On cross-examination, Linda admitted that Defendant was obtaining pain medication from a doctor in Tennessee after he broke his leg as well as continuing to obtain medication from the doctor in Florida. By the time of trial, she and Defendant were no longer seeing the doctor in Florida and were obtaining their pills from a pain management doctor in Knoxville.

She denied that Defendant received regular packages from Florida but stated that Rachael often received packages. Linda explained that they put the oxycodone pills in the Tylenol and ibuprofen bottles to try to hide them from Rachael. She denied that the hydromorphone in the old oxycodone prescription bottle belonged to her. Linda testified that Sabrina Fisher, the name on the large prescription bottle in the FedEx package, was the girlfriend of John Balmer, a friend of Defendant's from Florida.

Amber Phelps, Linda Santarone's daughter and Defendant's stepdaughter, also testified for the defense. Ms. Phelps testified that she was the only one
in the household who did not use drugs. She admitted that her parents had a drug problem and that they would exchange pills with others who had prescriptions. She denied that they ever bought or sold pills. Ms. Phelps testified that she had seen her stepsister Rachael steal pills from her parents on a few occasions. She said that Rachael was using both oxycodone and cocaine and that Rachael was getting the drugs in packages sent from Florida by Rachael's mother. She characterized Rachael as a habitual liar. Defendant testified on his own behalf. He testified that he had various injuries from his years of working as a carpenter and that he could no longer work due to his injuries. He was prescribed medication by a pain management doctor in Florida. Both he and his wife were prescribed 360 oxycodone pills per month. Defendant testified that he has since started seeing a doctor in Tennessee and that his prescription had been reduced to 148 pills per month.

Defendant testified that in July 2011, a friend of his from Florida named John Balmer was coming to Tennessee to visit Defendant. Defendant was expecting a package to be delivered to his house prior to Mr. Balmer's arrival. Defendant knew that the package was to be delivered on Saturday and that Mr. Balmer would be arriving a day or two after. When the package did not arrive as scheduled, Defendant called FedEx. He was told that the package could not be delivered because the truck had broken down and that he would have to pick up the package. Defendant drove to the FedEx facility with his daughter, Rachael, following the directions given to him over the phone. On cross-examination, Defendant testified that he was insistent on picking up the package that day because the FedEx employee did not provide a redelivery date and he wanted to be sure that he had the package when Mr. Balmer arrived.

Defendant denied that he put the drugs in Rachael's purse when they were pulled over, but admitted that he did have a bottle of oxycodone in the center console of the car. He stated that he had not opened the FedEx package and that he did not know what was inside of it. He explained that he intended to take the package home and store it until Mr. Balmer arrived. Defendant denied that he used heroin or hydrocodone. He admitted that he had been convicted of selling cocaine over 15 years ago but denied that he currently uses cocaine. Defendant admitted knowing that there would be prescription medication in the package, but denied knowing that the cocaine or heroin would be in there. He denied ordering any of the contents of the package.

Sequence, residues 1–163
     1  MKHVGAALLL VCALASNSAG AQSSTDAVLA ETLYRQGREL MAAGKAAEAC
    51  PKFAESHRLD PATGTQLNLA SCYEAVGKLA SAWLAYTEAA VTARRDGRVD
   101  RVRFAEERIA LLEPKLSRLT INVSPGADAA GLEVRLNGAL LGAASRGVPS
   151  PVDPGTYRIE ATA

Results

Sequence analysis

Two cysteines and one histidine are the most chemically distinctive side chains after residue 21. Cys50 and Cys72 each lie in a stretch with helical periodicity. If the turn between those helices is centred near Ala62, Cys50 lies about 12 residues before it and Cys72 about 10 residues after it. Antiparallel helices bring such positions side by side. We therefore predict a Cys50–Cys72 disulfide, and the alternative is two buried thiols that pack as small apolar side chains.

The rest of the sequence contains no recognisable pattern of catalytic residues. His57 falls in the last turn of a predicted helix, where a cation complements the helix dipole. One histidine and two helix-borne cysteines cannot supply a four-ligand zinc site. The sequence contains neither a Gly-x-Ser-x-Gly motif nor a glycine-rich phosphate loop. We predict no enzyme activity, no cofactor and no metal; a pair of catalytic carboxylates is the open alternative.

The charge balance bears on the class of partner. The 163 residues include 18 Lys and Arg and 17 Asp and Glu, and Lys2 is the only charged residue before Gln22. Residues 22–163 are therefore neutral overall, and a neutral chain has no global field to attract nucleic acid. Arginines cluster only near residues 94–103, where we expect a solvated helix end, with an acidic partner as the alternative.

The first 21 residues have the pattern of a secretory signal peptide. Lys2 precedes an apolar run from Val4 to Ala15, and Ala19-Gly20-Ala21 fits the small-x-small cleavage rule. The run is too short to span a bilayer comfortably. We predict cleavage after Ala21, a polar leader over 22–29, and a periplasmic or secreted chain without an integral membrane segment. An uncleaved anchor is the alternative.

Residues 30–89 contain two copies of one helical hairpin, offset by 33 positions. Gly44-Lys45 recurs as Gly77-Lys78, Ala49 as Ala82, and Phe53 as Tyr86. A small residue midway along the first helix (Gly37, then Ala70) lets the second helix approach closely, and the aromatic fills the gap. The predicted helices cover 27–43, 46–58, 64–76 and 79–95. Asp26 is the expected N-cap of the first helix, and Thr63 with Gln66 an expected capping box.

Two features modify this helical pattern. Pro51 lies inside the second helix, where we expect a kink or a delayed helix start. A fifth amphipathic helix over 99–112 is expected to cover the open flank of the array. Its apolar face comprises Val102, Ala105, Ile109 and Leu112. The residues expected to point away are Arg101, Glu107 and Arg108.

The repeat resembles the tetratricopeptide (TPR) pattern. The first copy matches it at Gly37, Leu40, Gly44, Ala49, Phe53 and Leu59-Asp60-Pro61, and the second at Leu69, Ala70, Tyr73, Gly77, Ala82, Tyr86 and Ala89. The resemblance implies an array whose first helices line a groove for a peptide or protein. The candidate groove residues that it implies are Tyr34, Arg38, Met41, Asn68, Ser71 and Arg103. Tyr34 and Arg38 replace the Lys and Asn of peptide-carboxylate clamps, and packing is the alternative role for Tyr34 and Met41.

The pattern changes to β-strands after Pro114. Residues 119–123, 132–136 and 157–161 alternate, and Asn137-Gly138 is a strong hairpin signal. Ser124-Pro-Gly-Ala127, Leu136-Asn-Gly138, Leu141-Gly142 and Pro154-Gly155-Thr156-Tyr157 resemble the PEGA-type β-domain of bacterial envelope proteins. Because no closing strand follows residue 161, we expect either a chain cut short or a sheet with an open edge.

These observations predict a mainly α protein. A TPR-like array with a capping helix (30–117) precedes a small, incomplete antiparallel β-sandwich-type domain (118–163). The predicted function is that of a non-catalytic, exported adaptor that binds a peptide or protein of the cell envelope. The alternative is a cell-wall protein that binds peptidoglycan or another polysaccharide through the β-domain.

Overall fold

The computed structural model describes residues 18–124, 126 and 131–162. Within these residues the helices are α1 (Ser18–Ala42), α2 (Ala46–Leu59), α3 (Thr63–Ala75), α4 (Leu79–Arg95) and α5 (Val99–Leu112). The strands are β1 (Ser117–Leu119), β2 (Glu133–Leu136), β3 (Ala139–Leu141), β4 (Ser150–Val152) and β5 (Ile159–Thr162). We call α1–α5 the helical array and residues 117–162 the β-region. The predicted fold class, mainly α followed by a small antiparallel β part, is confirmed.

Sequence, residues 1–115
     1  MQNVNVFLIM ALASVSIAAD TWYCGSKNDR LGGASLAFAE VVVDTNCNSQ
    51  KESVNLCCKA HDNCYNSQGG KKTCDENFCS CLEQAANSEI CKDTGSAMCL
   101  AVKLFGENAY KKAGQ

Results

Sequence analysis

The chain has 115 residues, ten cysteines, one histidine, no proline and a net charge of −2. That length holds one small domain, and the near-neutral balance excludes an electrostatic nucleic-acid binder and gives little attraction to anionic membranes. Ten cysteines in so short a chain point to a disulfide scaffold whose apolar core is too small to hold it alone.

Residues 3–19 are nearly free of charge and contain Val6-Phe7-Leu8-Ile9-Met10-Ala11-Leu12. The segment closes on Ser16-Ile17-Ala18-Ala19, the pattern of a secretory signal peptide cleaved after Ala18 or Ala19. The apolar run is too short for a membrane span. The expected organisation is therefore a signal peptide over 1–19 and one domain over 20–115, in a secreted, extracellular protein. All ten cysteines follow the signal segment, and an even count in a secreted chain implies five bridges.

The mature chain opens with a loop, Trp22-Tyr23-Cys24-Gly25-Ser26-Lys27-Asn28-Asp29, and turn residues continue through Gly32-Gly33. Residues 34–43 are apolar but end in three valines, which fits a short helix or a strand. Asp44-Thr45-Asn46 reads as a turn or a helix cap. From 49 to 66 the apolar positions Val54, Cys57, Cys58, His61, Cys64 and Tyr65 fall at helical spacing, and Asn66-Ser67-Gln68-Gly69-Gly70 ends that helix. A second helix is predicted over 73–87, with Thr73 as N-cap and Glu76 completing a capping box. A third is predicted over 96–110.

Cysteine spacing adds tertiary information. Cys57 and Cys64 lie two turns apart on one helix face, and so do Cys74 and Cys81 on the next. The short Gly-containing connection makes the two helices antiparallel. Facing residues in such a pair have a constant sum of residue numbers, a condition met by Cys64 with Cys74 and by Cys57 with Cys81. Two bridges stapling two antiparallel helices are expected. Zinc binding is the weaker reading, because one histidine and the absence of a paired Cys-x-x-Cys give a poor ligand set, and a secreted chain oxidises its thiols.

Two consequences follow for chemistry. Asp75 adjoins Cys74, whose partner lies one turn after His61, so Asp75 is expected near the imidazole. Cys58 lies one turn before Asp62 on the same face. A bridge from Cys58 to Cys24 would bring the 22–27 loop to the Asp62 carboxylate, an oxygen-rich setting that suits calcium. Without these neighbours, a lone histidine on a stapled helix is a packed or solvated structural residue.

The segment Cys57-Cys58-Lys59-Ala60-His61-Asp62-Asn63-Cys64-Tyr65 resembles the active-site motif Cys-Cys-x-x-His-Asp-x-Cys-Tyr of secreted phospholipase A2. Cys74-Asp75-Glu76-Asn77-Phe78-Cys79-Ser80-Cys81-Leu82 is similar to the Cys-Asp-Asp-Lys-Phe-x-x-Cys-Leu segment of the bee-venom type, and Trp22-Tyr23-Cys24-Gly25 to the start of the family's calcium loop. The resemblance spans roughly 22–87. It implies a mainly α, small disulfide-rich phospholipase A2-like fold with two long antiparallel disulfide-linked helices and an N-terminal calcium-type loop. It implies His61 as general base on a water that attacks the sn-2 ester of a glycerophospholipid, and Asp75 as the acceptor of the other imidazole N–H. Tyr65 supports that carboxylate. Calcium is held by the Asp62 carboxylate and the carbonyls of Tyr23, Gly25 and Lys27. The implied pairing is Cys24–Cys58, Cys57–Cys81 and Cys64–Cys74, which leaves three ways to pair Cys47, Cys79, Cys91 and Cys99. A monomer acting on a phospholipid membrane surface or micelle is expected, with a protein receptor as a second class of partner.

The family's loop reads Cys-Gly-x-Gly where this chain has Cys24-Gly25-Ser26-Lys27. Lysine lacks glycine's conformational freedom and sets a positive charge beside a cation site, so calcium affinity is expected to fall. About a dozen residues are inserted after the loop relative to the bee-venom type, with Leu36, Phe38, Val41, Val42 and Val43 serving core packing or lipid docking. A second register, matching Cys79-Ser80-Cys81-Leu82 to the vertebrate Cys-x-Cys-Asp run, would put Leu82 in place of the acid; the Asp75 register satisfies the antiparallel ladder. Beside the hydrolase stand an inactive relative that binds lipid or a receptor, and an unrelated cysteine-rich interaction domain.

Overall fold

The jury convicted Defendant as charged of possession of dihydrocodeinone within 1000 feet of a school with the intent to sell or deliver, possession of oxycodone within 1000 feet of a school with the intent to sell or deliver, possession of cocaine within 1000 feet of a school with the intent to sell or deliver, and possession of heroin within 1000 feet of a school with the intent to sell or deliver. After a sentencing hearing, the trial court sentenced Defendant to concurrent sentences of 6 years for the dihydrocodeinone conviction, 12 years for the oxycodone conviction, and 25 years for both the cocaine and the heroin convictions. On July 11, 2014, the trial court denied Defendant's motion for a new trial. Defendant then filed a notice of appeal.
State v. Santarone, No. E2014-01551-CCA-R3-CD, 2015 WL 5766684, at *1-4 (Tenn. Crim. App. Oct. 1, 2015).

Post-Conviction Hearing

Petitioner filed his petition for post-conviction relief on July 22, 2016. On March 16, 2018, the trial court held an evidentiary hearing, and three witnesses were called to testify.

Petitioner was the first witness to testify at the hearing. He stated that he was represented by trial counsel for his jury trial and that appellate counsel represented him on his appeal. Petitioner recounted that on the day of his arrest he had received several calls from a friend about a package that was supposed to arrive at his house. He testified that his daughter called FedEx to inquire about the status of the package, and an employee told her that they were going to track the package and call her back. Petitioner explained that after multiple phone calls, he was told that he needed to come pick the package up from the store because it could not be delivered. He stated that he went to the store to retrieve the package following their conversation. After leaving the store with the package, Petitioner testified that he was driving down the road "about [a] quarter, half a mile" when he noticed two police officers pull behind him and in front of him with their vehicles' lights on. Petitioner stated that the officers inquired about the package in between his seat. He said he "threw it between the seat not opening it" and that the officers "searched [his] vehicle and arrested [him and his daughter]."